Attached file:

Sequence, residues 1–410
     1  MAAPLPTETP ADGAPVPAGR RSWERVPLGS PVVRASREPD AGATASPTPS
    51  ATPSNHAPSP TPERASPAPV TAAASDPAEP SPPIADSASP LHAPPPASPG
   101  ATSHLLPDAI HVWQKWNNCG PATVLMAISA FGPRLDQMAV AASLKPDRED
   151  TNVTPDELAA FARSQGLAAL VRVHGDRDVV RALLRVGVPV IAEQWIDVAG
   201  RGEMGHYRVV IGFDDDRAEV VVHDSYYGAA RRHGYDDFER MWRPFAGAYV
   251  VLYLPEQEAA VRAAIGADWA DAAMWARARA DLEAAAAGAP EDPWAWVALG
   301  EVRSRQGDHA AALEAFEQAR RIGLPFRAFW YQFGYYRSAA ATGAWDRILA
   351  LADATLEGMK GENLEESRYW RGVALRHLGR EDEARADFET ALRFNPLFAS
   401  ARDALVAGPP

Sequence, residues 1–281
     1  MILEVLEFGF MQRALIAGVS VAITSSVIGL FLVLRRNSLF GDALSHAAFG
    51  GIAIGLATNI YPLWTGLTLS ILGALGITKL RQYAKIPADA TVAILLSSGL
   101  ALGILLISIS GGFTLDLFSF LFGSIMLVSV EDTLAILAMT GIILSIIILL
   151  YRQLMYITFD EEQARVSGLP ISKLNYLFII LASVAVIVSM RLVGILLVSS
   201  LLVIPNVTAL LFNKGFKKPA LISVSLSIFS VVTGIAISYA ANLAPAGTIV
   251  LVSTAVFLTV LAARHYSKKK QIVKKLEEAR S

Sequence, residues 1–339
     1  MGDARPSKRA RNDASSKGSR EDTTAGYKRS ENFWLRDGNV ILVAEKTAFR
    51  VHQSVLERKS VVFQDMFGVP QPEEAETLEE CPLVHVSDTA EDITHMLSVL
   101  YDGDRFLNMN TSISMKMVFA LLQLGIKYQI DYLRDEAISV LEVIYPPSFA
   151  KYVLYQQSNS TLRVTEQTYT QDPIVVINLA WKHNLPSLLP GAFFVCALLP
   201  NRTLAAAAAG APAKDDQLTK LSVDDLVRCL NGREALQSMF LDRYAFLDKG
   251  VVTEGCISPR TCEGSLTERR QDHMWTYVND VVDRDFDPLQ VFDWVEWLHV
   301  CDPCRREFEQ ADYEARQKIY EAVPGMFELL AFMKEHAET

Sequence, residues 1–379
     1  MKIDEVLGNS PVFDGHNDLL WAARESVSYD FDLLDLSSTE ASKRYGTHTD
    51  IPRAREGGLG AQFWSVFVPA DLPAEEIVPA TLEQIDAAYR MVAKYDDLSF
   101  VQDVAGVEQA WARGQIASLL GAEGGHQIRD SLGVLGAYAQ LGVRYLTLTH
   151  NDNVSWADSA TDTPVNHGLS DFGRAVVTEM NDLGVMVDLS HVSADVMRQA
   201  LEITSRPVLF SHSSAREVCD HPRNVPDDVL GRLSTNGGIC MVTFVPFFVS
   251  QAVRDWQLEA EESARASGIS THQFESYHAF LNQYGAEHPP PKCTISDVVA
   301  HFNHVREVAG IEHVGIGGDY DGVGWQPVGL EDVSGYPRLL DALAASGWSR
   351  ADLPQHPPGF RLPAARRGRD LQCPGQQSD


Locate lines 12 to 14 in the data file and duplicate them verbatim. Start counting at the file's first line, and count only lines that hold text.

     1  MILEVLEFGF MQRALIAGVS VAITSSVIGL FLVLRRNSLF GDALSHAAFG
    51  GIAIGLATNI YPLWTGLTLS ILGALGITKL RQYAKIPADA TVAILLSSGL
   101  ALGILLISIS GGFTLDLFSF LFGSIMLVSV EDTLAILAMT GIILSIIILL